Cynulliad Cenedlaethol Cymru

National Assembly for Wales

Pwyllgor yr Economi, Seilwaith a Sgiliau

Economy, Infrastructure and Skills Committee

Gradd Brentisiaethau

Degree Apprenticeships


Ymateb gan BT

Evidence from BT



Economy, Infrastructure and Skills Committee

Inquiry into Degree Apprenticeships - response from BT

Apprenticeships at BT

At BT Group, we believe we are now hiring more apprentices than any other private sector business in the UK. In 2018/2019, BT hired almost 4,000 apprentices across the four nations, supporting the UK Government’s aim to fund apprenticeships.

In 2019/2020, we are on track to have supported a similar number of learners on apprenticeship programmes across the UK. More than two thirds of those will be employed by Openreach.

Our first four Welsh Digital Degree apprentices joined us in September 2019.

Have any issues become apparent during the rollout of degree apprenticeships and what lessons can be learnt from their introduction?

We have experienced similar issues to those we first experienced in England with degree apprenticeships.  When we approached providers to find out about their offer, we found some that were well prepared to outline what they could provide, and how.  However we also felt that other providers were not able to outline how they would work with employers; what the commercial model was; or were even able to understand the employer’s needs to then explain the benefits of the programme. We understand that this is early days, but do want to emphasise that, in our experience, one of the keys to success is a good relationship between employer and provider.  This starts with the initial contact and making sure both parties understand each other’s needs.

Was the process and criteria used for approving proposals from providers to deliver degree apprenticeships satisfactory?

We cannot comment on this as we do not deliver programmes.

What are your views on the demand for degree apprenticeships and how that demand should be managed, both in terms of the range of frameworks and demand from employers and learners?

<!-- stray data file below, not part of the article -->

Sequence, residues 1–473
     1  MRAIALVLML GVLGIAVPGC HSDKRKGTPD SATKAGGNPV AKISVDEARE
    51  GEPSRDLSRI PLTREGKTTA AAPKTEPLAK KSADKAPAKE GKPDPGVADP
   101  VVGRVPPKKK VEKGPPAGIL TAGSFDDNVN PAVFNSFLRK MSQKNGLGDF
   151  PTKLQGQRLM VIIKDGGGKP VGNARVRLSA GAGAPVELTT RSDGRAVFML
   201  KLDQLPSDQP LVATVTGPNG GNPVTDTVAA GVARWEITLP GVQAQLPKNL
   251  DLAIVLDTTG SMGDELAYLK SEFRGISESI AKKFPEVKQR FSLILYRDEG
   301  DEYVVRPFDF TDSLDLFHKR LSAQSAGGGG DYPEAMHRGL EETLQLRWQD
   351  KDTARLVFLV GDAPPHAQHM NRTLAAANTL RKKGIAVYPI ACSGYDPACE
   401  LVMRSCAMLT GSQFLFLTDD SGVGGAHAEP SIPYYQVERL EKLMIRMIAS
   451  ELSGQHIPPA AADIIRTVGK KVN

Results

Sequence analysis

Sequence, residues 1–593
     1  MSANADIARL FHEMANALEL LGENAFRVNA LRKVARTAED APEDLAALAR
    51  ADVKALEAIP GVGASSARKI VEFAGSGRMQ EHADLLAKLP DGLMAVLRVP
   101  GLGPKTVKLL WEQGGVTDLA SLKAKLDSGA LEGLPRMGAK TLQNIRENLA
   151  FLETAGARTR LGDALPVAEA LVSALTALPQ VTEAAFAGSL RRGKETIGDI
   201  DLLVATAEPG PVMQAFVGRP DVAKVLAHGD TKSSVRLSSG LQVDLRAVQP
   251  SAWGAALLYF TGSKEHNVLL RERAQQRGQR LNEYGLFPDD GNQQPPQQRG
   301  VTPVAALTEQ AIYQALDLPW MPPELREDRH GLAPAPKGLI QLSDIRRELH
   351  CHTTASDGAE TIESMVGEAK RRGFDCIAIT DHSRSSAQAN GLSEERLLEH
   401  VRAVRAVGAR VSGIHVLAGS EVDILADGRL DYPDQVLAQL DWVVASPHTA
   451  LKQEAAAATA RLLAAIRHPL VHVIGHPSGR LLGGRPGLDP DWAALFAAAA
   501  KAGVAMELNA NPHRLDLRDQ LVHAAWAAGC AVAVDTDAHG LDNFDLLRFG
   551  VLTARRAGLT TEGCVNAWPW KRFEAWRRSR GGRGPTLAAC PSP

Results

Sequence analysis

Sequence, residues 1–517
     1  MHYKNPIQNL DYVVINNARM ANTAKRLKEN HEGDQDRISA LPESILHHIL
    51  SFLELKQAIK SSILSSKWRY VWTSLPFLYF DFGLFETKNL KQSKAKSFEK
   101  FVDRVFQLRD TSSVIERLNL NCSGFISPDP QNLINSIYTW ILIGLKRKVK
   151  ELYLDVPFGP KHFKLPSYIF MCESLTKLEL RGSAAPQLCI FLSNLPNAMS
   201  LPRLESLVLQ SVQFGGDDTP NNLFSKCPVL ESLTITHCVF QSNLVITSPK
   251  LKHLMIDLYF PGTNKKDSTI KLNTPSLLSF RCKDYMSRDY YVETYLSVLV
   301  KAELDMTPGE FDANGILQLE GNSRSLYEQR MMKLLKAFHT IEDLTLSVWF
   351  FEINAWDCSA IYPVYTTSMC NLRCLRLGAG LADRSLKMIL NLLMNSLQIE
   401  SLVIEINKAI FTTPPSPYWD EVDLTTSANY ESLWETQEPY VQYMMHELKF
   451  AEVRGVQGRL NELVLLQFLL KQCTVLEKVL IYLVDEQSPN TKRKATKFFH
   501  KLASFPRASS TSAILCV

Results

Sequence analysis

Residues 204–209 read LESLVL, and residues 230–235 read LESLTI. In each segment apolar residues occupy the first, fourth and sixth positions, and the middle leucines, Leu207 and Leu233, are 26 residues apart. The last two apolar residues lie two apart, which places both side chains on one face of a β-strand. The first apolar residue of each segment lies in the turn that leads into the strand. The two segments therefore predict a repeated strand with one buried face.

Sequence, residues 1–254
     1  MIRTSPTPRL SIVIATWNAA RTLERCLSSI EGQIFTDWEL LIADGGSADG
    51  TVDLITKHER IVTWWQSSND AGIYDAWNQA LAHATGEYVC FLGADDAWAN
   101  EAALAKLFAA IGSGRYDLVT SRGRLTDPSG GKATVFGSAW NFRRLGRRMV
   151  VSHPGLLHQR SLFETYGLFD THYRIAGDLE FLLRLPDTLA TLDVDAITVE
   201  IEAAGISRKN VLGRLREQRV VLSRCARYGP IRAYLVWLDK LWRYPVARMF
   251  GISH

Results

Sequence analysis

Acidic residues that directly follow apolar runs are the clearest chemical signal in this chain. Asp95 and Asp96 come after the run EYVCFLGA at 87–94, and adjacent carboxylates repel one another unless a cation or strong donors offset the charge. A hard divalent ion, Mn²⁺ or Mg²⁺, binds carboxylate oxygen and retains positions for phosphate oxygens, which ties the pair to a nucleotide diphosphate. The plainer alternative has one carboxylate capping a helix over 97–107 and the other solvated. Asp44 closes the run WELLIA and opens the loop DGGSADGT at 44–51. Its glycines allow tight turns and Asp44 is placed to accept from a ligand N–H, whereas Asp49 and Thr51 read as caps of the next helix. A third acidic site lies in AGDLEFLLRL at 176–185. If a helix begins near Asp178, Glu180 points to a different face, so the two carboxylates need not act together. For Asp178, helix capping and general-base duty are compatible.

BT currently offer five degree (level 6 and 7) apprenticeship programmes across the UK.  Firstly, demand for these programmes will come from how well employers can envisage a need for them – for BT this is where we can see a real benefit in growing our own graduate level talent by having employees study for a degree while gaining business experience.  And, secondly, how attractive these programmes appear to young people and their parents.  Digital is BT’s most popular degree apprenticeship in England so we would expect to see demand for this in Wales.  Employers will need to promote these opportunities to drive demand with learners.  Once you have some traction, you may want to look at other frameworks. We imagine there may well be interest for degree apprenticeships in Cyber Security, Finance and Project Management.

To what extent should activity aimed at widening access feature in degree apprenticeship recruitment, and how can this be used to measure what cohorts are representative?

A stated aim of the reforms in England was to widen participation.  BT supports this aim and is committed to using apprenticeships to build a diverse workforce representative of the society in which it operates.  Our experience to date is that you have to proactively target groups and areas to attract a wide pool of people to apprenticeships and this will help you widen participation.   Degree apprenticeships have the potential to offer an alternative, and more financially viable way of achieving degree-level education.  To make people aware of this opportunity, you would not only need to build this into apprentice recruitment, but also make young people and their parents aware of these much earlier in the school system.

Do you have any comments on the cost of degree apprenticeships, how degree apprenticeships are funded and the level of funding committed to them?

In order to take up these programmes, we believe employers would expect the funding cap to cover all the provider’s costs.  We would not expect to pay any additional fees for these programmes.  Therefore the programmes should be costed and funded appropriately.

How has the degree apprenticeships pilot impacted on other level apprenticeships, if at all?

It hasn’t. These gave us the opportunity to offer new and different programmes so have not had a negative impact on the numbers on our other apprenticeship programmes.

Should any aspect of the approach to delivering degree apprenticeships change and if so, what should be the future direction?

We would recommend including remote learning where possible and leveraging the use of technology.  Larger employers may have small number of leaners in different locations.  The more flexible the delivery model, the more opportunity it offers employers to recruit.  We would also recommend establishing a network of providers so they can share best practice and hopefully learn more quickly how to deliver these programmes and also how to work with employers to benefit all stakeholders.